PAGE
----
Though the local and popular meteorologist Cliff Mass acknowledges that the windstorm which this weekend killed two people, shutdown power for almost a half million people, and uprooted trees everywhere, was "the most powerful summer storm EVER to hit our region"—and that, according to his own research, there has "never been a summer storm even close to this one for western Washington"—he believes it has nothing to do with global warming. Why?
I know some folks will say this is due to global warming, represents the "new normal", or was due to the BLOB (the warm water off our coast). At this point, there is no reason to expect that any of these hypotheses are true. Climate simulations do not produce stronger midlatitude cyclones like Saturday's. Natural variability can produce extremes and this is probably a good example.
Freaky things do happen occasionally with the weather, and so, from a scientific perspective, what happened on Saturday is best to be considered just that: a freak of nature.
His logic is actually perfect: We do know freaky things happen sometimes (that is in the record), but we have no hard evidence for the effects of global warming, so it's better to assume the former than the latter. Apparently, this is the logic Mass resorts to when he can not connect an unusual climatic event with one in the record: "[For] May-July temps over Washington State... 2015 is the warmest, although 1958 was close." This is not to say Mass is a climate change skeptic; he just thinks it's not arrived yet, that it's still in the future, that the strangeness we're witnessing is unrelated, and that current meteorological phenomena can best be explained by conventional theories.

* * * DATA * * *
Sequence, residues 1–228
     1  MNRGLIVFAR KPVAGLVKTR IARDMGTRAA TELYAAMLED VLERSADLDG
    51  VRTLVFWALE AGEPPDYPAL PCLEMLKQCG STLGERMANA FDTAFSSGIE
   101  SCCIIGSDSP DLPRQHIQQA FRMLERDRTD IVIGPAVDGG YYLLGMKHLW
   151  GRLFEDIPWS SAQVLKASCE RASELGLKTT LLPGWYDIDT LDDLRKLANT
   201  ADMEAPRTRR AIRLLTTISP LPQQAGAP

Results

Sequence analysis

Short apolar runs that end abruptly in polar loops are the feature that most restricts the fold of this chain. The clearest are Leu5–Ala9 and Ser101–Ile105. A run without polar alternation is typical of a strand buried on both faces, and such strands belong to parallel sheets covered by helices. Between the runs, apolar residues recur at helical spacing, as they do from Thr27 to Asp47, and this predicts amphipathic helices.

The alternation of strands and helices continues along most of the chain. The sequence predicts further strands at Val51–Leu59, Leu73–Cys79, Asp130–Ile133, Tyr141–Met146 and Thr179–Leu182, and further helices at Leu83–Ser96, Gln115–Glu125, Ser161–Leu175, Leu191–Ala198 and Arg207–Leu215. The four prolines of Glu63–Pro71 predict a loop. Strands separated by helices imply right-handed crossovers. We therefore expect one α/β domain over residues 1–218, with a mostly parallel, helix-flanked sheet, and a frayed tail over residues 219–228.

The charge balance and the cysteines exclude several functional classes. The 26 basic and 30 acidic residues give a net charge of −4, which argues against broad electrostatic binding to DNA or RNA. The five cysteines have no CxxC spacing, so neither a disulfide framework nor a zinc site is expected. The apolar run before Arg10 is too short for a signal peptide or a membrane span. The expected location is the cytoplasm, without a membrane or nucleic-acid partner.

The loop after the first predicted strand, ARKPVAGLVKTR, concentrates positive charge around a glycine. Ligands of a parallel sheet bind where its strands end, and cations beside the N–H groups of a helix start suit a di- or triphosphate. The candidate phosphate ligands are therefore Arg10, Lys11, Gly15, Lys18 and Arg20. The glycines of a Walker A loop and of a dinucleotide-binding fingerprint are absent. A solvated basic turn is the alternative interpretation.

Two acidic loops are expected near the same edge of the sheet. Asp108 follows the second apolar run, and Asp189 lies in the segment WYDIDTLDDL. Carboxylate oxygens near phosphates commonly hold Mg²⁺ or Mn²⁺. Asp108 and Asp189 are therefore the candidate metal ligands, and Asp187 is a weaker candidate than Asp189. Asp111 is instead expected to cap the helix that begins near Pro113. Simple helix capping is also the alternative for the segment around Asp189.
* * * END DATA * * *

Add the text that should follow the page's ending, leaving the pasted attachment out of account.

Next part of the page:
Cliff Mass also wants us to see the windstorm as a great correction to an usually dry summer.
But in the end it was perhaps fitting and expected. The warmest and most unusual summer in Northwest history is capped by the most severe summer windstorm in recent record. Large amounts of precipitation have quenched a dry landscape. Air quality has been restored
Here, I think, he is drawing inspiration from economists who think that a stock market crash is nothing more than a correction for excessive optimism and the resulting overvaluation of assets. This school of thinkers, called liquidationists, tend to believe/preach that it's best not to interfere with a crash, that the government should let it run its course to the bottom. Otherwise, those those who were foolish will not pay for their folly and those who were wise be rewarded for their prudence. The only problem with this way of thinking/moralizing is that with greater regulation of banks and investment houses, crashes can be avoided or their impact on the wider economy minimized. Mass needs to be a little more careful about his presentation and wording; at this rate, he risks being to climate science what libertarians are to commodity markets.